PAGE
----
Friday, December 19, 2014

Star Trek II: The Wrath of Khan

People tend to forget how much was riding on Star Trek II: The Wrath of Khan when it was released in 1982. Star Trek: The Motion Picture (1979) was considered to be a big bore and not really indicative of the television series. The powers that be wanted to make sure that the next film would not repeat the previous one’s mistakes. So, they removed series creator Gene Roddenberry and replaced him with veteran T.V. producer Harve Bennett. He proceeded to watch the entire run of the original series and decided to dust off a classic villain and give Admiral James T. Kirk (William Shatner) a decidedly personal stake in this new mission.

Early on in the film there are two crucial exchanges between Kirk and his two closest friends. In observance of his birthday, Captain Spock (Leonard Nimoy) gives Kirk a copy of Charles Dickens’ novel A Tale of Two Cities (Spock refers to Kirk’s fondness for collecting antiques) and the latter quotes the famous opening passage, “It was the best of times, it was the worst of times,” to which Spock replies, in reference to this day, “Surely the best of times?” This bit beautifully encapsulates the film as a whole, featuring the crew of the Enterprise at their best and at their lowest. Wrath of Khan is often regarded as the strongest film of the franchise – “Surely the best of times,” indeed.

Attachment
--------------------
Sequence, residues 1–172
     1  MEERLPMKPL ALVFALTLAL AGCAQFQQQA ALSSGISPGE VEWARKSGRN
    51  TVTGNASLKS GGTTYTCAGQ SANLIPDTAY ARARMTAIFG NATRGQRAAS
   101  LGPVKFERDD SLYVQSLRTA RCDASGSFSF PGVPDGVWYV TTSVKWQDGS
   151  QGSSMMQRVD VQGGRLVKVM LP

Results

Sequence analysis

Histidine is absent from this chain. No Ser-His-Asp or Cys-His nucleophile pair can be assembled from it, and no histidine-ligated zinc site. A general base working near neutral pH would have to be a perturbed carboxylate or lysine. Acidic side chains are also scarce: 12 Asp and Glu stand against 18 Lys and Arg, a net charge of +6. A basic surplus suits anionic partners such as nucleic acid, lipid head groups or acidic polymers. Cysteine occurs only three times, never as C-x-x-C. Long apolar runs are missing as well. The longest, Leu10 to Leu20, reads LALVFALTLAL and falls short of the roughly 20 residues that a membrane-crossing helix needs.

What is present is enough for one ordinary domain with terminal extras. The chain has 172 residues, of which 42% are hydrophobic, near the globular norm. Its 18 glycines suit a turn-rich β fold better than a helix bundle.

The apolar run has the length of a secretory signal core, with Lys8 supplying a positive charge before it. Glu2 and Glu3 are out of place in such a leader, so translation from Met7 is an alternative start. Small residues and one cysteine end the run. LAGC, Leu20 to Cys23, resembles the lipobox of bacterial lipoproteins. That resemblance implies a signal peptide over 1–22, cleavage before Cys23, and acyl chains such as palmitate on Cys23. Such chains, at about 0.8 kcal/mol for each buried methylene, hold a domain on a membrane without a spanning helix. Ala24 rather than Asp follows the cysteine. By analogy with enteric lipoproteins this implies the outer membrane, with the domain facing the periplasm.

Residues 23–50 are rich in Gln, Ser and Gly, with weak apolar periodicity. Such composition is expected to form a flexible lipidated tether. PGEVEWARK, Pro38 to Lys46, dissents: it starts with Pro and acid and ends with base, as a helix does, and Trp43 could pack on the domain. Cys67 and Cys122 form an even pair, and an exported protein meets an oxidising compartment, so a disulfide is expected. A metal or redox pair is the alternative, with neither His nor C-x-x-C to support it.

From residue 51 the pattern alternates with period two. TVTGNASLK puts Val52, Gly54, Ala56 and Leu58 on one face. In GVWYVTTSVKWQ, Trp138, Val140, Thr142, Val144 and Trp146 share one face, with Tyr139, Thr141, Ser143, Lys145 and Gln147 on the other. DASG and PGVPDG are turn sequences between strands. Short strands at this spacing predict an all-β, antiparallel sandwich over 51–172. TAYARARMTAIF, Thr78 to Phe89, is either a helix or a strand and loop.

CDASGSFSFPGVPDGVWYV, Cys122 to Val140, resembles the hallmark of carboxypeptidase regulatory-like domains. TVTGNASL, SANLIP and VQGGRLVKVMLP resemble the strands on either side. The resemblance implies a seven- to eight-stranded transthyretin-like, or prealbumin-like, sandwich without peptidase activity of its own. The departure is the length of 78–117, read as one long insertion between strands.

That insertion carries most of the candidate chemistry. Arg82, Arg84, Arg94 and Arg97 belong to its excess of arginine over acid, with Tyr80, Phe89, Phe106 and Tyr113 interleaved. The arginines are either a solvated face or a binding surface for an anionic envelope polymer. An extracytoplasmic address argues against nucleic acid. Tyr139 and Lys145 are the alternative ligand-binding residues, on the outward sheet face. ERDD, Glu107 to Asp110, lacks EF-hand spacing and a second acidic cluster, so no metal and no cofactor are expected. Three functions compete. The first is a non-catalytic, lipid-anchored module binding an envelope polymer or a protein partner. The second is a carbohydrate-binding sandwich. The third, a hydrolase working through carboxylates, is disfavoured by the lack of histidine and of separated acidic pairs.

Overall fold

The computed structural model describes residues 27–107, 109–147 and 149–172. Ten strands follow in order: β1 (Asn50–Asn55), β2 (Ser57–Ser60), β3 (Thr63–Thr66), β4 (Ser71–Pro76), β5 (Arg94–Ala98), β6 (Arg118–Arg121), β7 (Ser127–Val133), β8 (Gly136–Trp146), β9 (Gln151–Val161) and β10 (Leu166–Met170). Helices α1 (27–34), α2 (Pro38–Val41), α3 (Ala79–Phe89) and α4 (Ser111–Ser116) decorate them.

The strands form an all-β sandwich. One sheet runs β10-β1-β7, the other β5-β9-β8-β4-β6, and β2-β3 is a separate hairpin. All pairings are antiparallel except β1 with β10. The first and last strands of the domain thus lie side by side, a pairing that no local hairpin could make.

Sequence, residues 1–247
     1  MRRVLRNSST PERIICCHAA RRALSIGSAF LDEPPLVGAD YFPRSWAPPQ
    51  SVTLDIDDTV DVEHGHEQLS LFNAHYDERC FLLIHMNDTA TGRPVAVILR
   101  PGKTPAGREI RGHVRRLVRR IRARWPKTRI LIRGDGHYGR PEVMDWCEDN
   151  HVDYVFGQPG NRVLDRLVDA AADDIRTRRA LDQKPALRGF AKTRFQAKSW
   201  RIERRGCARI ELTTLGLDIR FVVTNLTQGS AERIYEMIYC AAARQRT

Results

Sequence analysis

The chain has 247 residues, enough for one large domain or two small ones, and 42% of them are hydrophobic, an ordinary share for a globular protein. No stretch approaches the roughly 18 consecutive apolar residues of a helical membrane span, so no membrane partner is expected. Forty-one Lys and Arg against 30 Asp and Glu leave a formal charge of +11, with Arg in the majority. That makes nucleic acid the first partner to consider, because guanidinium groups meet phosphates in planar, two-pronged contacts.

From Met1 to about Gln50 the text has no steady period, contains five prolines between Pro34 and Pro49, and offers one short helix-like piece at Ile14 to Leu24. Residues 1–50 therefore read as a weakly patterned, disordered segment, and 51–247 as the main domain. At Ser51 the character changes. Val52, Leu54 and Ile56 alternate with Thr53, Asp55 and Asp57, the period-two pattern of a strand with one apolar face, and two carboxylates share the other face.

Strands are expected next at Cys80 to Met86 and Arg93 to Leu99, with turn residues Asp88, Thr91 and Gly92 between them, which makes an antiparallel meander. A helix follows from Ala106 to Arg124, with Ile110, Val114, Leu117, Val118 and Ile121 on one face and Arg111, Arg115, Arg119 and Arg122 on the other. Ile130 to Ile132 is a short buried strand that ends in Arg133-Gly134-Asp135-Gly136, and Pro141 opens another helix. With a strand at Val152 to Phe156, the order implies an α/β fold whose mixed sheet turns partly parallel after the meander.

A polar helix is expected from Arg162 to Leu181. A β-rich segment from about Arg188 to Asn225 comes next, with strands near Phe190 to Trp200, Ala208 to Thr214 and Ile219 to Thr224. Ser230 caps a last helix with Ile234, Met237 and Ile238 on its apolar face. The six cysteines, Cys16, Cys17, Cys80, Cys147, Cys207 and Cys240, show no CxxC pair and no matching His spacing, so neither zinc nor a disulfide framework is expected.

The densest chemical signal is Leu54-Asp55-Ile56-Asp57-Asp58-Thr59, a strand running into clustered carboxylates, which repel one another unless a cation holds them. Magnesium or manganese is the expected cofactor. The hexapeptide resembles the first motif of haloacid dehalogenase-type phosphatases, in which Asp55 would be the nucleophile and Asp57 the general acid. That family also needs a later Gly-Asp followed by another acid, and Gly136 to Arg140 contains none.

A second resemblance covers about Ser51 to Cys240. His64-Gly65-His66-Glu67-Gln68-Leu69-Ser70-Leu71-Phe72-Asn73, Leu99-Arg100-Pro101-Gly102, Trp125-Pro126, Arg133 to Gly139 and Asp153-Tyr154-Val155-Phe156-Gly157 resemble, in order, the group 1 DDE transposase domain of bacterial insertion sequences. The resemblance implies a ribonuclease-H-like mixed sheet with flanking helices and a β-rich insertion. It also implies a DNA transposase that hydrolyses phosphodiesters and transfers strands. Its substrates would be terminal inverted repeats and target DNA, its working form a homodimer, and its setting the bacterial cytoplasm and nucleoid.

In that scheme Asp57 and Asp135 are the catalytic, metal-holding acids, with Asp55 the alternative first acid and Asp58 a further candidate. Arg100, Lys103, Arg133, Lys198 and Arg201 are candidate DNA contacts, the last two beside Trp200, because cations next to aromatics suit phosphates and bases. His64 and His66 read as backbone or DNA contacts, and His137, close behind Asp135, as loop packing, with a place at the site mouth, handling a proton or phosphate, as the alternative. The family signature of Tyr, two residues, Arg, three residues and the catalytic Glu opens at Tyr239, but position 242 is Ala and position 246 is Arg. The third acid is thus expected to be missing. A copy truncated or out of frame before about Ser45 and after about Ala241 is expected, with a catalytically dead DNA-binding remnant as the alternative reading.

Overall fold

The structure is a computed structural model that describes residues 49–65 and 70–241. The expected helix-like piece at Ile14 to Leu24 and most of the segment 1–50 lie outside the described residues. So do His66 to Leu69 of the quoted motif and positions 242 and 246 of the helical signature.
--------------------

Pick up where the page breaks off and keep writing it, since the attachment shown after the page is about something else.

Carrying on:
The second important exchange happens between Kirk and Dr. McCoy (DeForest Kelley). The latter gives the former 400-year-old reading glasses and we get a glimpse at his living quarters – full of the antiques Spock alluded to in the previous scene. Kirk is surrounded by reminders of the past and is staring down yet another birthday. “It’s about you flying a goddamn computer console when you want to be out there hopping galaxies,” McCoy tells him. He encourages Kirk to take command of a starship again before he gets too old.


I love these early scenes because they not only allow us to get reacquainted with Kirk and co., featuring quiet, human moments that give us insight into Kirk and his friendships with Spock and McCoy, but they also establish the themes of friendship and mortality that will feature prominently later on. The opening scenes with Kirk confiding in Spock and McCoy are like revisiting old friends you haven’t seen in awhile and there is something enjoyable and reassuring about seeing these veteran actors dusting off and slipping so easily back into their iconic characters. There is a shorthand and a familiarity between these characters because the actors have so much experience playing them.

Most contemporary films would do away with scenes like this, viewing them as extraneous and unnecessary, but on the contrary they are vital to getting us invested in Kirk’s dilemma of getting old and becoming obsolete vs. going back out there and mixing it up in outer space once again. “Galloping around the cosmos is a game for the young,” Kirk says early on and it is the film’s central theme as it pits two aging enemies against each other. The film openly acknowledges the age of the cast, in particular Kirk who comes face to face with his own mortality. The film even starts off on a playfully cheeky note as the entire Enterprise bridge crew are killed off in a battle simulation.